1 Like

TIL about the plugin kwarg. Thanks!

1 Like
UserWarning: Data has dimension B with depth 1, assuming B=0 is the desired value, if not the case specify B=x where x is an integer, list, tuple, range, or slice.
  f"Data has dimension {dim} with depth {data.shape[dim_index]}, "

This is totally fine to ignore. In aicsimageio==4.0.0 it will be moved to debug to avoid this confusion.

1 Like

Hi @jni
Thanks a lot.

Could you please let me know how to specify the channel name that has to be viewed while using

viewer = napari.Viewer() 
    layer = viewer.add_image(

I do basically like below, when looping over all channels of an image. Specifically for an CZI the trick is to know which one of the indicies actually belongs to the C-Dimension


Regarding your initial question, this snippet might help:

import czifile as zis

# get CZI object and read array
czi = zis.CziFile(myczile)

# axes will give a string 
czi_dimstring = czi.axes

# shape will give you the dimensions of the array
czi_shapeinfo = czi.shape

Information CZI Dimension Characters:
- '0': 'Sample',  # e.g. RGBA
- 'X': 'Width',
- 'Y': 'Height',
- 'C': 'Channel',
- 'Z': 'Slice',  # depth
- 'T': 'Time',
- 'R': 'Rotation',
- 'S': 'Scene',  # contiguous regions of interest in a mosaic image
- 'I': 'Illumination',  # direction
- 'B': 'Block',  # acquisition
- 'M': 'Mosaic',  # index of tile for compositing a scene
- 'H': 'Phase',  # e.g. Airy detector fibers
- 'V': 'View',  # e.g. for SPIM

import czifile as cz # You will first have to install this library by typing “pip install czifile”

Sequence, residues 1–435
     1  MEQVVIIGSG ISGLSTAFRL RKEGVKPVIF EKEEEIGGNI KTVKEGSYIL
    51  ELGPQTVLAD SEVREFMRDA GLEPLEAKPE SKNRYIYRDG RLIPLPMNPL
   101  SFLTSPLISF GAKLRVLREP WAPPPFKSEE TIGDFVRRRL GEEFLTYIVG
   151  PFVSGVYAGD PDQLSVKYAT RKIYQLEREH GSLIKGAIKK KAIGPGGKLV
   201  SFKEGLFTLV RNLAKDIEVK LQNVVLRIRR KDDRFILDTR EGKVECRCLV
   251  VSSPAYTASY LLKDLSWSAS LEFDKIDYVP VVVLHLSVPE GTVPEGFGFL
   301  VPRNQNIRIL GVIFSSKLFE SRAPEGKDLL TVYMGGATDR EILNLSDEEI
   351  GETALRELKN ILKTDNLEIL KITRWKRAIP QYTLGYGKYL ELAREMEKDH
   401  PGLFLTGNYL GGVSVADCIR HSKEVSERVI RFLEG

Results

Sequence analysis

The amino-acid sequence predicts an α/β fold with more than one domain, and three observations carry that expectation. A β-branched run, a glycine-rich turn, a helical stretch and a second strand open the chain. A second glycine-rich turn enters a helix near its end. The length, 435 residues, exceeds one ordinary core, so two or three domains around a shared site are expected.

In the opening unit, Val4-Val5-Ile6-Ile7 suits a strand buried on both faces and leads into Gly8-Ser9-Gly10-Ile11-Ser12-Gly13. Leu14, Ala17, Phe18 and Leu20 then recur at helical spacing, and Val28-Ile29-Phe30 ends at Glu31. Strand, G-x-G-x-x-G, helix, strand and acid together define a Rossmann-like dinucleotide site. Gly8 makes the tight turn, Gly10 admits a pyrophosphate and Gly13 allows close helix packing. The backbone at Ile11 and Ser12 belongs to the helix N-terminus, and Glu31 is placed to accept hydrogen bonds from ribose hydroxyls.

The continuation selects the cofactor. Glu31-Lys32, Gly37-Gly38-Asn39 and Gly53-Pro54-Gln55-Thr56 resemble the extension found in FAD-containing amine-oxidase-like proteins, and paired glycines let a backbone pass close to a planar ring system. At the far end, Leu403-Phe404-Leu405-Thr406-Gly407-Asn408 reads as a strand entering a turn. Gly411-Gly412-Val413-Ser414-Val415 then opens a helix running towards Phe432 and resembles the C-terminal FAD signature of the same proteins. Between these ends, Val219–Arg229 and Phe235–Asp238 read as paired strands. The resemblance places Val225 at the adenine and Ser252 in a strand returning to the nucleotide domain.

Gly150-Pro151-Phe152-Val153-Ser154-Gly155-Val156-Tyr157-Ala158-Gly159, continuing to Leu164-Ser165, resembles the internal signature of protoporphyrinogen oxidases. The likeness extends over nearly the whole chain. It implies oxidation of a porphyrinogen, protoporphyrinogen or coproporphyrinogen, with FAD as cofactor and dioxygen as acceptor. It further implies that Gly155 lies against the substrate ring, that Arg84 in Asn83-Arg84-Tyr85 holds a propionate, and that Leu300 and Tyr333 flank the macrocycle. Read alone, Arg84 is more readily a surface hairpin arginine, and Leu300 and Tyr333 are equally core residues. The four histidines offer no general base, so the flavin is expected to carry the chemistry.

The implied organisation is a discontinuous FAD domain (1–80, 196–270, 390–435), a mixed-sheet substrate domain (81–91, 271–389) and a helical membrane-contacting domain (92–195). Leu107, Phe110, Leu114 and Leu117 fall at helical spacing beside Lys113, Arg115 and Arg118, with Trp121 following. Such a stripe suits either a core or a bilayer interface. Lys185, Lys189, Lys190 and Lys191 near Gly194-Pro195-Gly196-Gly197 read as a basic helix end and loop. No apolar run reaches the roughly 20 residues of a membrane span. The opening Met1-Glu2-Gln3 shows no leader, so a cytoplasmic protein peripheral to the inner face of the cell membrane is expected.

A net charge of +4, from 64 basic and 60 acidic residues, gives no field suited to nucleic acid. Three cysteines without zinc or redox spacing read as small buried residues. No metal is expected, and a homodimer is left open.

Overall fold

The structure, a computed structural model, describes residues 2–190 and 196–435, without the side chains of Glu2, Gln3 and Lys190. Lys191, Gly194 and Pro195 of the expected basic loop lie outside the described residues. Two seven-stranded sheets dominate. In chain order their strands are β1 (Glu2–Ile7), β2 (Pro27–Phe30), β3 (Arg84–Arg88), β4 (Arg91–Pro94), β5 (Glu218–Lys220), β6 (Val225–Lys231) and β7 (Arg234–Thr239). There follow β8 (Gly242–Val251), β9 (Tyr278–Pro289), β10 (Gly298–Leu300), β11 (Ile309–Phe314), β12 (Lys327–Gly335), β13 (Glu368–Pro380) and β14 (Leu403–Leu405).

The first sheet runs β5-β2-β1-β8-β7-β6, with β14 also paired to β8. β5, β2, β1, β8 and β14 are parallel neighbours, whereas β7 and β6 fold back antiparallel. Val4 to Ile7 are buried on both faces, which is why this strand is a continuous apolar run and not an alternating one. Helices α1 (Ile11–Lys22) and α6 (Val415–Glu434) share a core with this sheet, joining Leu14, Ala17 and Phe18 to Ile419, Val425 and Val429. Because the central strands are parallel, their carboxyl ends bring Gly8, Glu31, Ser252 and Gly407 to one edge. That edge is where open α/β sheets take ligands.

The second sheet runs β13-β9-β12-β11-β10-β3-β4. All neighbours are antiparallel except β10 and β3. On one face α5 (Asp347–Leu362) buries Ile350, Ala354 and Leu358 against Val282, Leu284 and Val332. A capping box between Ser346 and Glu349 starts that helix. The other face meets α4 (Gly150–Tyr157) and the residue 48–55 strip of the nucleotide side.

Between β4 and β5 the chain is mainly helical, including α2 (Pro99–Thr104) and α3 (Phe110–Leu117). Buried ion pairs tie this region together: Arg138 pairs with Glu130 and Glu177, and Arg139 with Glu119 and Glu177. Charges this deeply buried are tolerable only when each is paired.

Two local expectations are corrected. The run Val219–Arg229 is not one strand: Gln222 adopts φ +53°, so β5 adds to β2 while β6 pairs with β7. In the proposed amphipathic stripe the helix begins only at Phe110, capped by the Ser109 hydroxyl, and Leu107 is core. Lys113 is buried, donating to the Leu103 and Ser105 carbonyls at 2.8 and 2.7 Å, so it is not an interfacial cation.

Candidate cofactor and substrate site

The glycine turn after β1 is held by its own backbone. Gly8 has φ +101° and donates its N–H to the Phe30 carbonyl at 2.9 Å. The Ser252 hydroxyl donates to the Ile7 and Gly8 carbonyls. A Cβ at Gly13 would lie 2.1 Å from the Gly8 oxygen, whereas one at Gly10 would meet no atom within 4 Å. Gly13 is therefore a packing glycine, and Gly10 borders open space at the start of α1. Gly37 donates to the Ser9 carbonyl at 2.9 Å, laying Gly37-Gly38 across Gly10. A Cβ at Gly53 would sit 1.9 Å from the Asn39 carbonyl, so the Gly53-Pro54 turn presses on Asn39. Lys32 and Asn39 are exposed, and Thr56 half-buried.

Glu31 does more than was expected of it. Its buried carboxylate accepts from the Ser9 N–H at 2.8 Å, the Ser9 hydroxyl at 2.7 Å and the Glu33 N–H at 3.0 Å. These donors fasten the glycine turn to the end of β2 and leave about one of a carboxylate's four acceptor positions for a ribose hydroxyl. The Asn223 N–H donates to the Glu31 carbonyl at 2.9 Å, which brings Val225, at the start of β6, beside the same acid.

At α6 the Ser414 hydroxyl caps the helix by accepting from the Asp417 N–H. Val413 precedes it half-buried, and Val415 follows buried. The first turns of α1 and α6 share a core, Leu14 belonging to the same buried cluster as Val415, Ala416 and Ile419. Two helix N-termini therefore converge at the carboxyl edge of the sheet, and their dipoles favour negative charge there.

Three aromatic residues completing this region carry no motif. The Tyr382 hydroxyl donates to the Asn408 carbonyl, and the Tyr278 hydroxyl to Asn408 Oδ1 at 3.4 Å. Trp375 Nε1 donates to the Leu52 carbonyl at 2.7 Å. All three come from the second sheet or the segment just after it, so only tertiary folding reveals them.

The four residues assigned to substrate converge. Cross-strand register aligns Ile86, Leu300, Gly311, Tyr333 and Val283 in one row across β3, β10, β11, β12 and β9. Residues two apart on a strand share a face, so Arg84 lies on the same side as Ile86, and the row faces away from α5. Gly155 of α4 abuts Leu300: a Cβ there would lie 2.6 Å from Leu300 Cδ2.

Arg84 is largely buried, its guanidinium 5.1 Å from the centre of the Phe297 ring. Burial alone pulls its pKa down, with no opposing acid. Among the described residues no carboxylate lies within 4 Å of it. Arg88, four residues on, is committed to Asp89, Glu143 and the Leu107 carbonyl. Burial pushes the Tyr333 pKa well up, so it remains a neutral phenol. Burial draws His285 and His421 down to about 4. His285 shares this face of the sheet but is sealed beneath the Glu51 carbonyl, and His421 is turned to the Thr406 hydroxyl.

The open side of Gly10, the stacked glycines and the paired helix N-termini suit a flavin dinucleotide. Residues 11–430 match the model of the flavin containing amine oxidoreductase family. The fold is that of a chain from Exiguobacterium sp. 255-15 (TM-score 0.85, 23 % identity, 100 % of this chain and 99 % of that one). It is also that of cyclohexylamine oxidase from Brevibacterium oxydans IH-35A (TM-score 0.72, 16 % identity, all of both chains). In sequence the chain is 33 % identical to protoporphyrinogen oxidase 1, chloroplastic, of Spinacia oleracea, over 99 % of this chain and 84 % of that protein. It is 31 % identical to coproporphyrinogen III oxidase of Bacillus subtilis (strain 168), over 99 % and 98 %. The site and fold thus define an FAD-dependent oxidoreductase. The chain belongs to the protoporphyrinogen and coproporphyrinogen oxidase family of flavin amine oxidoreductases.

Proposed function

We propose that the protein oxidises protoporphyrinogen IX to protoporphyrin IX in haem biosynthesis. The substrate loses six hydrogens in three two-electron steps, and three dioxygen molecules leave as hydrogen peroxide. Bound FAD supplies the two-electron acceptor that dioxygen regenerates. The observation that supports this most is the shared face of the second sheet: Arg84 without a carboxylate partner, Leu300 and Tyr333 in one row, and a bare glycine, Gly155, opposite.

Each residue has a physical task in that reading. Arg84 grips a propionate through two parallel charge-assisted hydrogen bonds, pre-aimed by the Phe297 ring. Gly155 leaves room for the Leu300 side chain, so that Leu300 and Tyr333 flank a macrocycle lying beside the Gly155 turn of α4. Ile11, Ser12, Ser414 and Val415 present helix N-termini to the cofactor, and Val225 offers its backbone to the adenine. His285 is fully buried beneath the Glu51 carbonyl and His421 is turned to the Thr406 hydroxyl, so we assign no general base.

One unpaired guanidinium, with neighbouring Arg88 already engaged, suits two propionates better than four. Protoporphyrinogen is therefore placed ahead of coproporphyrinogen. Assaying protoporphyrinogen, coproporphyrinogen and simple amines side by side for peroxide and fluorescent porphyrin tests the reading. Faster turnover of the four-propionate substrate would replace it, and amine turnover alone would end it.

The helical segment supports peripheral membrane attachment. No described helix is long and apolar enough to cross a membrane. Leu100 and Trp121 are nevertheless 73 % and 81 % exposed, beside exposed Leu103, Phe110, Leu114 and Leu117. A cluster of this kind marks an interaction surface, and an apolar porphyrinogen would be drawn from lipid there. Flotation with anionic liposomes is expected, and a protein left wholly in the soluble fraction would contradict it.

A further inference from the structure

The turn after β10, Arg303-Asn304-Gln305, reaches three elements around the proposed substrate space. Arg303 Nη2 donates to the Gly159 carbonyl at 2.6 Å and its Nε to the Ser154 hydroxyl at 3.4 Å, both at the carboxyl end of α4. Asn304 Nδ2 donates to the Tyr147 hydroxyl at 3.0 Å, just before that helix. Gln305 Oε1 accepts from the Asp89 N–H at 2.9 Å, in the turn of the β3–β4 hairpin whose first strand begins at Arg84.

import xml.etree.ElementTree as ET
import tifffile as tf
import tkinter as tk
from tkinter import filedialog
from tkinter import simpledialog
import os

#Gets the path to the image.
root = tk.Tk()
filepath_sample = filedialog.askopenfilename(title = “Select the sample image”) # This line creates a dialog window that allows the user to select the image.

#This manipulates the path to the image.
string_sample = os.path.splitext(filepath_sample)[0]
filename_sample = os.path.basename(string_sample) # This gets the actual filename without the .czi extension.

#Gets the metadata.
with cz.CziFile(filepath_sample) as czi:
xml_metadata = czi.metadata()
#find timestamps (this is relevant only if you have a time series, but you don’t have one because the fourth axis in your .czi file is empty)
#for attachment in czi.attachments():
#if == ‘TimeStamps’:
#timestamps =

#This gets the resolution of the image in microns.
root = ET.fromstring(xml_metadata)
for neighbor in root.iter(‘ScalingX’):
pixel_size_in_meters = neighbor.text
pixel_size_in_microns = float(pixel_size_in_meters)*1000000
resolution_x = 1/pixel_size_in_microns

#This gets the time between images in seconds. Not relevant in your case because you don’t have a time series, as mentioned above.
#time_between = int(round((timestamps[1]-timestamps[0])))

#This imports the image.
img_sample = cz.imread(filepath_sample)

#Gets rid of unnecessary info (in your case the third axis is the number of channels, the fifth is the Z plane (from a Z-stack), the sixth is the X pixels, the seventh is the Y pixels). All the rest is rubbish.
img_sample = img_sample[0,0,:,0,:,:,:,0] # : means import all values. 0 means discard.

#Saves the image as a tiff for ImageJ.
tf.imwrite(filename_sample+’_for_imageJ.tiff’, img_sample, imagej=True, resolution=(resolution_x, resolution_x), metadata={‘spacing’: 1.0, ‘unit’: ‘micron’})

#This website messes with the " and the ’ and with the indentations. You’ll have to correct that to use this script in Python.

1 Like

Hi Jackson,
I can’t open “the file.ome.tiff” file. I have an error message (translated approximately from french) : “It seems we don’t support this file format”

I am going to respond in your other thread here: Convert .czi to .tiff with python

1 Like